Nov 27, 2020, 05:55AM

Sullivan, Noonan, and Turkey Slaughter

There’s reason to think that we’re headed into a new pagan age.

F71c8a78 16b8 4357 89d9 a61857094978.jpeg?ixlib=rails 2.1

The “peaceful transition” to a new presidential administration seems to have begun! My enthusiastic pride as an American is well-nigh limitless.

All that remains to make Biden’s ascension perfect is for Andrew Sullivan and Peggy Noonan, those go-to professional weepers of the Church of the Transcendental Genius of American Democracy, to pen moist odes to the event.

In the Roman Empire, those poets who wrote the best verses on the occasions of emperors’ assumptions of power were rewarded with sacks of golden denarii, hillside villas, and the manual attentions of lissome concubines. In our degraded age, Sullivan and Noonan will receive nothing so splendid. As a schoolboy, I recall, I won a ficus as an award for writing the best essay in honor of Arbor Day; my brown-thumbed mother over-watered the plant, drowning it to death. The point is that the status of the occasional scribbler has been much degraded in the two millennia since the expiration of paganism.

On the other hand, there’s reason to think that we’re headed into a new pagan age. I’ll consider that a spiritual catastrophe, but it could bring small benefits around the margins, particularly in the status of writers who pen great odes to the latest senile bum to slither his way into power.


Mother, as I’ve written, is the butcher at our little farm, so it was her duty to dispatch the gobbler in advance of our Thanksgiving dinner this year.

Squeamishness has long kept me away from the barnyard where she sets up her chopping block a couple of days before the holiday, but this year I made myself present. I’m trying to witness as much violent death as possible, in the hopes of becoming more comfortable, for lack of a better word, with it. I’m aware that I’m squeamish about death, American that I am. This is a view that Russian Orthodoxy does not share, and that I’d like to get over.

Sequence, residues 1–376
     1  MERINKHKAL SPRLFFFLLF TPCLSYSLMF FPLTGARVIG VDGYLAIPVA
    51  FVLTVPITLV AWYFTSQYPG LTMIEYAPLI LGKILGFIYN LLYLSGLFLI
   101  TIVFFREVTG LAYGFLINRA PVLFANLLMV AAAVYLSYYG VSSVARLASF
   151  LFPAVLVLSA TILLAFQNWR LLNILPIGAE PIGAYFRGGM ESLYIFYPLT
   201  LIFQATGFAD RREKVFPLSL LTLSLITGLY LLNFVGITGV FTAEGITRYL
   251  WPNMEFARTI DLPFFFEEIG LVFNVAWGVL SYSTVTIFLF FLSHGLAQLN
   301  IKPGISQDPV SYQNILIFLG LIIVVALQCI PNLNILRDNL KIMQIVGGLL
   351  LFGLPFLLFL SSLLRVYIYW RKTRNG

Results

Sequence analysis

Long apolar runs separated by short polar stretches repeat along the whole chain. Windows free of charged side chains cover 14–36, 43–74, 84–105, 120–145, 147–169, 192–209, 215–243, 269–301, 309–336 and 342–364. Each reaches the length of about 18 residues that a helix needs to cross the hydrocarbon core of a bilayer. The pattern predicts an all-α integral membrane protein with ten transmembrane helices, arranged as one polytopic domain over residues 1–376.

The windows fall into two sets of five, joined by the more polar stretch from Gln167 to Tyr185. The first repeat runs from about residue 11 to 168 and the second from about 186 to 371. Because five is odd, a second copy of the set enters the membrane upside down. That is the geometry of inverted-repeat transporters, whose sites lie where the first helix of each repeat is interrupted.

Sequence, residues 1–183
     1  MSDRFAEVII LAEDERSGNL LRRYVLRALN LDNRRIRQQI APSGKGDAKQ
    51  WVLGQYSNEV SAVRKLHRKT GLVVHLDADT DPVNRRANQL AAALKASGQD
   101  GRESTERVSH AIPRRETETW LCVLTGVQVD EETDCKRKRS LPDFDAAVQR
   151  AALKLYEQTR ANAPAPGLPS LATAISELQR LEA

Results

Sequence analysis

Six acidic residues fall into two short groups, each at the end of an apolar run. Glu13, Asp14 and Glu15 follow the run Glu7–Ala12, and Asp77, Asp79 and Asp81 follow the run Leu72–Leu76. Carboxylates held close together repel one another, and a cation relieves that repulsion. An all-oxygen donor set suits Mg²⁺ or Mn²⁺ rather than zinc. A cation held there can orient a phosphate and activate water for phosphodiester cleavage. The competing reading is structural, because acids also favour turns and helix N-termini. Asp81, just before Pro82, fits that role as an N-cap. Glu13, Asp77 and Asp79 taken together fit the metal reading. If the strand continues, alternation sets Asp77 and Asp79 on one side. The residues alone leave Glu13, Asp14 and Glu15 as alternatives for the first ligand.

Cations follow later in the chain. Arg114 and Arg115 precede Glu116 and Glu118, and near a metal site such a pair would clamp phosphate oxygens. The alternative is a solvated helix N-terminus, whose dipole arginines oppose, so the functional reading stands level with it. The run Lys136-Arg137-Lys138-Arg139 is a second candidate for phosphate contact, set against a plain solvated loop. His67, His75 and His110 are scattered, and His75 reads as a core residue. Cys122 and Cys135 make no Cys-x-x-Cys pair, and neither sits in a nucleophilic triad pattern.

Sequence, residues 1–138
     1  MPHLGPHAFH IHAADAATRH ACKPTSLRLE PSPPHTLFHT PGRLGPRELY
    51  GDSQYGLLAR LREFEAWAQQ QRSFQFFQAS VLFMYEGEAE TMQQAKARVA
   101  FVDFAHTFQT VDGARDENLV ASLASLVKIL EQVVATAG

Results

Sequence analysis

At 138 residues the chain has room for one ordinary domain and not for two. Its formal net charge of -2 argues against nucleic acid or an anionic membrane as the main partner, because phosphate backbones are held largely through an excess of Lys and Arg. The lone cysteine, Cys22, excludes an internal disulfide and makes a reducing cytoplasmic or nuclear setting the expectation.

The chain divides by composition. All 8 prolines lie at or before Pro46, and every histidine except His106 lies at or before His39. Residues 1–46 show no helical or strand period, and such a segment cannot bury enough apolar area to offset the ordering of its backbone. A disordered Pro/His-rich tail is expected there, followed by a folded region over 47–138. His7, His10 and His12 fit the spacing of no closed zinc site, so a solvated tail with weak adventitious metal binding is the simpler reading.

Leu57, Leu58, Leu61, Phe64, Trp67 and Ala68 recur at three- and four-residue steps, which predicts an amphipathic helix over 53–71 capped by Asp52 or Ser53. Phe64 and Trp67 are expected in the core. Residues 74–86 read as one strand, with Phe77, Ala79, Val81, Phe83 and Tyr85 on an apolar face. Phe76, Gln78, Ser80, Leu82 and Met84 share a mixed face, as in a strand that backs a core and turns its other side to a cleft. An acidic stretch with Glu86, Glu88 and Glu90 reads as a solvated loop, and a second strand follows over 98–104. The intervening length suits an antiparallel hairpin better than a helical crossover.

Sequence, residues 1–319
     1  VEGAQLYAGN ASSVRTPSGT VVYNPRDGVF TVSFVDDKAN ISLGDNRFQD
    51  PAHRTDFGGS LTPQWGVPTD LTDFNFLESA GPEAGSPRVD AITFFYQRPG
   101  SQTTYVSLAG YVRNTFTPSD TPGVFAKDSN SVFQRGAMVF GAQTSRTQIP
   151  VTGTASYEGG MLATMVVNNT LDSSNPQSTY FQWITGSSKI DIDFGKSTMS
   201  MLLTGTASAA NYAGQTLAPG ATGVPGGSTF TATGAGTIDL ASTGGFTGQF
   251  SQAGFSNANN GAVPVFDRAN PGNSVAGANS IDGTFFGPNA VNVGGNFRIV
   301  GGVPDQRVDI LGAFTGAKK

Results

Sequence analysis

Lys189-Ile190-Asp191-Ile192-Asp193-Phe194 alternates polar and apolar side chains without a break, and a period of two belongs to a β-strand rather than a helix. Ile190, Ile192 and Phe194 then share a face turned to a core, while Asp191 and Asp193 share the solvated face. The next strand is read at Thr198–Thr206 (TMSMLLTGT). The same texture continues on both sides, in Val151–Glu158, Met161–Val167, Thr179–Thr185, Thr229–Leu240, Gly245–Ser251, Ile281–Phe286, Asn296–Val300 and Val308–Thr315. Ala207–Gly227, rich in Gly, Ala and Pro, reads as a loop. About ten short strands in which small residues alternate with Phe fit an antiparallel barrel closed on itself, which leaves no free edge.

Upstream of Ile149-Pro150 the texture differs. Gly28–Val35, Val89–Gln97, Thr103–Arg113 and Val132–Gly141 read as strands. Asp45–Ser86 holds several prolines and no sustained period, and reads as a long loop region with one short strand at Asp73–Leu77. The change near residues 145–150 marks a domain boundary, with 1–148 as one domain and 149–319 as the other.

So Brother Aiden, his wife Sister Marie, and I gathered in the barnyard for the ritual killing, arranging ourselves on benches as the doomed gobbler strutted around in the dirt. There was something pathetic about his vanity—but before I could philosophize, Mother entered the arena. She wore rubber gloves, a white smock over her usual black dress, and her usual modest headscarf. Stooped and shriveled as she now is, she looked smaller than the turkey itself. But no matter. The cleaver in her arthritic claw would right the balance.

With that surprising speed that a certain type of wiry little senior citizen can command, she had grabbed the tom, slammed his head down on the chopping block, and severed it with a deft swoop of the cleaver. Blood pulsed from the stump as the body jerked back to “life” and began a crazy circumambulation of the pen—for turkeys, as well as chickens, run around when their heads are cut off.

Mother chased him, or his body, down. It wasn’t enough to wait for him to expire. Time was of the essence. His penis, you see, had engorged with blood in the first stages of rigor mortis and, erect, was ejaculating wildly. This was a problem, given that our prize Ohio Red turkeys are well known as stud turkeys. We peddle their valuable semen to other local farmers so that they can inseminate their birds.

Mother ran down the scurrying headless near-corpse, wrestled it into the dirt, and angled the penis into a mason jar, which its semen half-filled. Then she began to knead the penis as if it were a cow’s udder. A minute later she had coaxed out the last salty, precious drops from an avian penis that was now, as Death solidified his dreary dominion, tending toward “half mast.”

I realize that I will need a lot more room to do justice to the fascinations of this little pre-holiday massacre. I plan on devoting to it several more diary entries in succession, starting next week, when I explore the particulars of the disemboweling, with its fragrant spray and shower of blood, fecal matter, half-digested corn, protein bits, bile, cartilage, and lymph.


Register or Login to leave a comment